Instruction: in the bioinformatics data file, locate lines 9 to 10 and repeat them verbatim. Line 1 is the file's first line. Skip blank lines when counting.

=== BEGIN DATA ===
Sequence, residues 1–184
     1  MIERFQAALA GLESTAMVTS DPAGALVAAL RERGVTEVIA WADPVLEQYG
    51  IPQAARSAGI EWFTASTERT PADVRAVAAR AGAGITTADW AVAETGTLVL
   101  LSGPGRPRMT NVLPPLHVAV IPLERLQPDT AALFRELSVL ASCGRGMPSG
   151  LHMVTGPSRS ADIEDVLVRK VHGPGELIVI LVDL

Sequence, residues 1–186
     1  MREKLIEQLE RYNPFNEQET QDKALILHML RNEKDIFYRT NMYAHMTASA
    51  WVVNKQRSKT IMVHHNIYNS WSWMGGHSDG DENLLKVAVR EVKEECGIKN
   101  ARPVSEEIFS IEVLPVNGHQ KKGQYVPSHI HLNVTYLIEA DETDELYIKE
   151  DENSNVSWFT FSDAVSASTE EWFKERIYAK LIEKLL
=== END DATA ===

   101  ARPVSEEIFS IEVLPVNGHQ KKGQYVPSHI HLNVTYLIEA DETDELYIKE
   151  DENSNVSWFT FSDAVSASTE EWFKERIYAK LIEKLL